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Int’l Men’s Day: Two daddies and a baby

If you don’t know Daniel Bauer for his make-up skills, you definitely know him and his husband, Tyrone Braganza, from The Big Day, a show on which their wedding was featured. Now they reveal their next milestone—their daughter, Avisha Braganza Bauer, born in July 2021. “It was always a dream for both of us to have a baby, even before we knew each other,” says Daniel. “So we said, ‘let’s do it,’ and it’s been the most amazing experience we’ve had. ”As are most things for non-traditional families in India, the process was hard. First, they had to rule out adoption, though they were keen on it. “It was almost impossible for us to adopt here, especially as a gay couple,” says Daniel. And with surrogacy laws also changing in India, they had to turn to the West.


“It’s IVF, so you have a surrogate mother and choose the egg donor, and then the mother carries the baby for you. There are a lot of legalities involved. And as with all couples, you have to wait, because you don’t know when it [the pregnancy] will happen. We had to wait for a year,” says Daniel.

They used a USA-based agency that a friend had used before, says Tyrone. The first surrogate mother they picked didn’t get pregnant, so they had to find another. Fortunately, it worked out for the best: their surrogate mother, Angie, is “really amazing”. Both Angie and the egg donor are from Colombia. Daniel and Tyrone flew there, gave their own “donation,” as Tyrone puts it, and the doctors created the embryos. “The donor was able to give us 10 eggs,” says Tyrone. “So they used five eggs for Daniel’s sperm and five eggs for mine, and got six viable embryos. They then picked the most superior embryo for the IVF treatment with the surrogate mother.”

Adds Daniel, “With science you can get carried away, because you can choose the gender and so many things. We just went with the strongest embryo, because all you want at the end of the day is a healthy baby. We had wanted a girl and it happened, so we were really excited!” The two feel they’ve been blessed. Avisha means ‘gift from God’. “It’s a Sanskrit word and because we live in India we thought we’d have an Indian name,” explains Tyrone.

(Having a daughter was a dream for both Daniel (pictured here with Avisha) and Tyrone)

The best laid plans

With Avisha originally due to enter the world at the end of August, the couple had planned to work hard, then holiday in Mexico, and then fly to Colombia for the birth. Easy peasy, right? Tyrone chuckles. “Two days before we left for Mexico, Angie went into labour!” he reveals.

The two flew out the night that Avisha was born, and stayed in Colombia for over two months to get the paperwork sorted. “If you’re travelling with a newborn baby for two months, it really gets to you,” says Daniel. “When you’re in a relationship and your partner gets pregnant, you see the belly grow and you adjust. For us, it was, ‘Whoop! There’s a baby!’ So it was overwhelming.”

New narrative

No matter how normal it is for any couple to have a child, Daniel and Tyrone’s surrogacy journey will always be viewed through the lens of a ‘gay couple’ doing something. If they would like to put their own narrative out there, what would they say?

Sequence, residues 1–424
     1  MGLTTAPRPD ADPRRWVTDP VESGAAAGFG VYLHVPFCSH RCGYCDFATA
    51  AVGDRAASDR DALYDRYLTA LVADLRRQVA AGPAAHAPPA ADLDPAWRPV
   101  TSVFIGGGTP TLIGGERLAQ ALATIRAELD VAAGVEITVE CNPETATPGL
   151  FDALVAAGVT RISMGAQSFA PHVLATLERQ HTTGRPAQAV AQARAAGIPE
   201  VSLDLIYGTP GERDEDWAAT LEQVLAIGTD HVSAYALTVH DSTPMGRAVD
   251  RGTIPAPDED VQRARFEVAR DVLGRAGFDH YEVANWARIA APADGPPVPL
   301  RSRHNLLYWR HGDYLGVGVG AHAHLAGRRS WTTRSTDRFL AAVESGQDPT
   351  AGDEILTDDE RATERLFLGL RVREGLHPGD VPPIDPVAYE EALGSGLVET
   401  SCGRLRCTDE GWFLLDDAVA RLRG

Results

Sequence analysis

“We had a wedding in Germany and also in India,” says Daniel.“We thought it was a really nice message: you can be gay and you can marry and have a life like any other couple. We also did the priest’s wedding on the show, and we were expecting backlash for that. But a lot of young people gave us great feedback.” Tyrone adds, “At the end of the day, gay or straight, all parents really just want their child to have a great life.”

They’re both so successful, career-wise, how will they juggle their careers and a baby? How will they ‘manage’? “I have thought about this a lot recently,” says Daniel. “I wonder how so many women work and look after their babies, women who don’t have help, or single moms, ‘cos it’s really a full-time job. We’re lucky that Tyrone works from home, and my mom is here—and his mom comes and goes—so we have full support. It really changes everything.”

As a child born into a non-traditional family in a country where tolerance seems to dwindle each day, they’ve also thought about how and where they want to raise Avisha. “We were evaluating different scenarios on how best we can educate Avisha to understand family dynamics, and whether we should move abroad for her education,” says Tyrone. “But we’ll cross that bridge when we come to it.”

Daniel is blunt. “I grew up in Germany, because my dad is German. We were the only foreigners in the village, and children can be mean. Childhood was difficult for both my brother and me. But at the end of the day, if you have a good set-up, and family support, that’s what matters.” “She may grow up in India,” Tyrone continues. “But we’ll have to teach her how to deal with it. She may have hurdles like everyone does, regardless of whether they’re born to a straight couple or otherwise. People are bullied, and we’ll just have to teach her how to deal with that. That’s the only thing we can do as parents.”

Daniel is hopeful that India is changing. “After The Big Day, these young and 100 per cent straight kids said, ‘That was really cool,’ and that feedback was amazing. So hopefully it stays that way. I’m sure it will.”

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